My post How to Work the Room Like a Pro got some attention (thanks for the shares) and I received lots of follow up questions. What most of my readers, clients, and LinkedIn contacts want to know is: once you’ve connected with someone, what exactly do you do with them after that first conversation? How often do you contact them to keep them in the loop without bugging them? What do you say? In short, how do you keep the relationship going, especially when it’s new and the person is not someone you see every day at the office?
No matter what people may think, maintenance is the hardest part of networking because it requires planning, consistency, and ongoing action or you’ll find yourelf with a list of people who are virtual strangers to you. It doesn’t have to be a big deal, though, especially with all of the tools at your disposal. 4 simple strategies:
Event Follow Up: So you met someone at an event, and you had a great conversation. You exchanged cards, and suggested you meet up again. It was great. And then a few weeks passed, and you realized that you didn’t follow up with your contact. Oops! Okay, this isn’t optimal but we’ve all been there, so the trick now is to stop procrastinating and reach out before more time passes. Send an email that reminds them of who you are and the conversation you had at X event (don’t assume you are so memorable that a brief exchange has imprinted you on their memory forever – do them the courtesy of jogging their memory). Apologize for the delay in responding, and let them know that you really would like to continue your conversation. Then you can ask for that cup of coffee, informational interview, whatever. Alternately, if you don’t really need anything from them, send them a customized invitation to connect on LinkedIn that reminds them of the conversation you had, and lets them know you want to stay in touch.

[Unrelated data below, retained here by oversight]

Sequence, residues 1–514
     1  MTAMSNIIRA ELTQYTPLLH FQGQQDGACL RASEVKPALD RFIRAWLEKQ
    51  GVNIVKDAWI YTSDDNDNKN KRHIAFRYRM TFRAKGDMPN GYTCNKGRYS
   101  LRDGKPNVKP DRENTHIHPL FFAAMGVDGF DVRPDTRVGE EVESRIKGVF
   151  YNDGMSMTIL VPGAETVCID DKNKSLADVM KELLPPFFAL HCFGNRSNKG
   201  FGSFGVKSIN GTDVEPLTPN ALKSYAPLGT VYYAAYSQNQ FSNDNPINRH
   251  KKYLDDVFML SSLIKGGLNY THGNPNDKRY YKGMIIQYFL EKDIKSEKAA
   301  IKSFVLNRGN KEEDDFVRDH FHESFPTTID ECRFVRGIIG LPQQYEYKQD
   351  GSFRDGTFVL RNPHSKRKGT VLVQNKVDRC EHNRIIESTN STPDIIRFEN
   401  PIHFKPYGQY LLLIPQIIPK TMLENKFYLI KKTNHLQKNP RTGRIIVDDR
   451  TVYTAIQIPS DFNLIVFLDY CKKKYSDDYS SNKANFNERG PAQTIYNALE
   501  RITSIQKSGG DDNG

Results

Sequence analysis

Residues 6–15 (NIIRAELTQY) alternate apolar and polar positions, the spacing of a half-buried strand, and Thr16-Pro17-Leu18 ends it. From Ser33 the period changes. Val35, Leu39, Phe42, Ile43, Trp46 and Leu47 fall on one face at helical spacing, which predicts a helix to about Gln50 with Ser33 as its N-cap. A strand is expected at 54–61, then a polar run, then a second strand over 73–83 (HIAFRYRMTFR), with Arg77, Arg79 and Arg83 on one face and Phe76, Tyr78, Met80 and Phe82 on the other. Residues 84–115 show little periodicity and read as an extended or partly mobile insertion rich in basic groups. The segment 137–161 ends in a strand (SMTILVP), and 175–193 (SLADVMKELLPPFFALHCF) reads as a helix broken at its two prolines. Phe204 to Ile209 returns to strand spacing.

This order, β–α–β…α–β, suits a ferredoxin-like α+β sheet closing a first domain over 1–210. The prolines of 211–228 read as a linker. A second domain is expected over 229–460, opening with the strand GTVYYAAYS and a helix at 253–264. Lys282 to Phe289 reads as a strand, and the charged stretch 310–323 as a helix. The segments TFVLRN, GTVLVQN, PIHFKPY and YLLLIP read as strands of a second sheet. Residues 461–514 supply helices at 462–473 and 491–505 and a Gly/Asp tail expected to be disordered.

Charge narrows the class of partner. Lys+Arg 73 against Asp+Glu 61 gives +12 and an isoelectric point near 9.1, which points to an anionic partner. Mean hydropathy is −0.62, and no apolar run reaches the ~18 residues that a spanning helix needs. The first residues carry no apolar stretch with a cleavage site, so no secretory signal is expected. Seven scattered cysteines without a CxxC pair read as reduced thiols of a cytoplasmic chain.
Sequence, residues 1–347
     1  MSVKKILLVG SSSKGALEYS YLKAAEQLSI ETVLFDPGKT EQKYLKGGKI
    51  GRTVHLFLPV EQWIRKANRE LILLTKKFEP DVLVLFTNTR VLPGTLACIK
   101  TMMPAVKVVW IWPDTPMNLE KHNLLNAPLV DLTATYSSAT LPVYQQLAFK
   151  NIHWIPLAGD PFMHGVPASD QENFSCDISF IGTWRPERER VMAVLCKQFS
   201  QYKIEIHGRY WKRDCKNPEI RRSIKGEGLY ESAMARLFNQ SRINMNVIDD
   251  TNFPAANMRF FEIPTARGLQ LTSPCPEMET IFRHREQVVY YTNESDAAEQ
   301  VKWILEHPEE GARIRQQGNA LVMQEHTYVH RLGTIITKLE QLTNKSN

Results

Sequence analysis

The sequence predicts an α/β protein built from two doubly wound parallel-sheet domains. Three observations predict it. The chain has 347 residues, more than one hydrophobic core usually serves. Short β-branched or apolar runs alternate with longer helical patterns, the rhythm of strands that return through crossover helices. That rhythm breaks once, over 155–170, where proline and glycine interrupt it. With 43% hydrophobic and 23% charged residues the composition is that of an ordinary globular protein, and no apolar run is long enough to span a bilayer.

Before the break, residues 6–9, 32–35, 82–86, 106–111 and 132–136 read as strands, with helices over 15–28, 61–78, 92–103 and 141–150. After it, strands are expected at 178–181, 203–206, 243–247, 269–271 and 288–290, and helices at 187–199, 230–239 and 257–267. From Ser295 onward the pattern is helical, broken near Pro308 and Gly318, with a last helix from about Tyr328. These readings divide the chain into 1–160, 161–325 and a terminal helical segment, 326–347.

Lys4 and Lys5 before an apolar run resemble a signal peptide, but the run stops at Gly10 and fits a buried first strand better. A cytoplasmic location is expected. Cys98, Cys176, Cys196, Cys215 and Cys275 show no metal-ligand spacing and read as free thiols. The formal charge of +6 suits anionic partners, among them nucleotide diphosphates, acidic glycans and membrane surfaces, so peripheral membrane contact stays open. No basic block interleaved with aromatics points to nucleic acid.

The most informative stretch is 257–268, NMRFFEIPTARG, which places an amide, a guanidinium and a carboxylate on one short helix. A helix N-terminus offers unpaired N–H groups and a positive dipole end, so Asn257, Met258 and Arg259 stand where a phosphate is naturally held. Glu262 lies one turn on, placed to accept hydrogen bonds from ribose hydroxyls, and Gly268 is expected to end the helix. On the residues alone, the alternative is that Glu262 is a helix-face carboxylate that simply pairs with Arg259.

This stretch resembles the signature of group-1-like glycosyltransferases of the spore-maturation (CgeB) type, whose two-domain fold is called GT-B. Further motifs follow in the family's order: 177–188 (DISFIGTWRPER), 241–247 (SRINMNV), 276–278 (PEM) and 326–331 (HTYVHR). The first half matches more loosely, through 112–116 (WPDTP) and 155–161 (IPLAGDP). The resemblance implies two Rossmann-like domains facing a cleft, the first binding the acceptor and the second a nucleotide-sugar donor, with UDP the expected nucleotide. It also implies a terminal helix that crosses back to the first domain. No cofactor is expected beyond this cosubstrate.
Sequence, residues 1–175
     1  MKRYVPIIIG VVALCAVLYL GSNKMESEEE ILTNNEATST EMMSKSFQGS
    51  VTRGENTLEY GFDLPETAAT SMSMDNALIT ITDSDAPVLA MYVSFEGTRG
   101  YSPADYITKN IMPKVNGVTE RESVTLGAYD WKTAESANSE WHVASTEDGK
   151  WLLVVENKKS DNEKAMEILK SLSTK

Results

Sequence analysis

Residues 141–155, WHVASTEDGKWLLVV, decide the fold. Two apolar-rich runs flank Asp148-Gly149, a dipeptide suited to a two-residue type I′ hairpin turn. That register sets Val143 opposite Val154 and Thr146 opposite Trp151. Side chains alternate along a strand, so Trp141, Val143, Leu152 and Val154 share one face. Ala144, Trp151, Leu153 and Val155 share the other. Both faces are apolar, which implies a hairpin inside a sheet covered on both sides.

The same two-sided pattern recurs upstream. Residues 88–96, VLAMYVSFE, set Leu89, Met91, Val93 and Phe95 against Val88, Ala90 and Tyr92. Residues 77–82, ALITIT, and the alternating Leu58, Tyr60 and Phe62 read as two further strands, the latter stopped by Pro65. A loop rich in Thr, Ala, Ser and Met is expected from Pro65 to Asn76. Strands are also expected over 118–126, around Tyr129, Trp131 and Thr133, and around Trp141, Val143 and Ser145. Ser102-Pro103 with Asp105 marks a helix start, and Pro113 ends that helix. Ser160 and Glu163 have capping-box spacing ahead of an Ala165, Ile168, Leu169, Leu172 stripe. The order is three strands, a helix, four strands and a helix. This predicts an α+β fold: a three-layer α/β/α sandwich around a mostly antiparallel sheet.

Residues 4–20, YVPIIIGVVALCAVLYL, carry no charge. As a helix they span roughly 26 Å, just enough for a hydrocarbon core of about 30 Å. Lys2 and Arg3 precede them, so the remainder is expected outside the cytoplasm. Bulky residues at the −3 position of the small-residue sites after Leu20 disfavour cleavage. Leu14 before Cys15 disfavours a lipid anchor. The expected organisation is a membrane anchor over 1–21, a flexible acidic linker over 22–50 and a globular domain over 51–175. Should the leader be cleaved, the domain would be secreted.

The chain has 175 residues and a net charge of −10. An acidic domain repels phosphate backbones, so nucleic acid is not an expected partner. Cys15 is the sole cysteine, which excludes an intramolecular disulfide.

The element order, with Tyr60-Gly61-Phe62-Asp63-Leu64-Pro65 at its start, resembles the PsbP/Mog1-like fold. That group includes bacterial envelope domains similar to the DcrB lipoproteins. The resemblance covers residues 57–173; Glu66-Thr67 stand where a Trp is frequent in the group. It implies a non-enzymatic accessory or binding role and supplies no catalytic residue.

Informational Interview Follow Up: You sent the customary thank you after the informational interview, but then what? You’re at a loss as to what to do to keep the relationship going. First, send an invitation to connect on LinkedIn, if you haven’t already. Go to their profile, click on Relationship and then go to Reminder and set a time for following up. 3 months is an appropriate amount of time between emails, unless you have something to share with your new contact. Alternately you can use the calendar on your phone, tablet or computer to set up a reminder to email them within a set period.
How to Stay Connected: Aside from the fact that I love LinkedIn, why do I keep telling you to use it for maintaining your network? Updates! This is quite simply the easiest way to maintain your network. Most people ignore the updates from LinkedIn, but it’s a nice way to stay updated on changes in your contacts’ professional lives. Work anniversary? New job? Blog post? Article comment? Fantastic! You can “Like” an update, or you can comment on it. It only takes a few seconds to say congratulations, or add your .02, so budget 5 minutes 3-5 times a week to check in with your network. Your attention will earn you good will, increase profile views, and may even lead to some opportunities because you popped up on someone’s radar at the right moment.
Contact Spreadsheet: Spreadsheets? Really? Yes! A simple sheet, table, whatever works for you, will allow you to add in names, email addresses, employer, industry & interests. Why go to this trouble? You can set up Google Alerts for things that are of value to your network contacts, and when you get a hit that sounds particularly interesting, share it with them. It’s an easy way to maintain contact (heck, people, it’s even automated!) and you look like a hero for remembering what was important to them. Too much work? Here’s a post I wrote that describes how you can use LinkedIn Tags for similar purpose.
These strategies will help you to stay in touch with your new contacts. Remember that people who have granted informational interviews want updates. They want to know that their advice has helped you, and that you’ve succeeded. That’s their ultimate goal because it makes them feel good, and that they’ve made a difference to someone else. Other new contacts don’t necessarily have an agenda, so follow up the conversations you’ve had and let the relationship grow organically.
Have a networking issue? Question? Comment? Email me about it at firstname.lastname@example.org. If I feature your issue on the blog, I’ll trade you a 30-minute coaching session for your idea.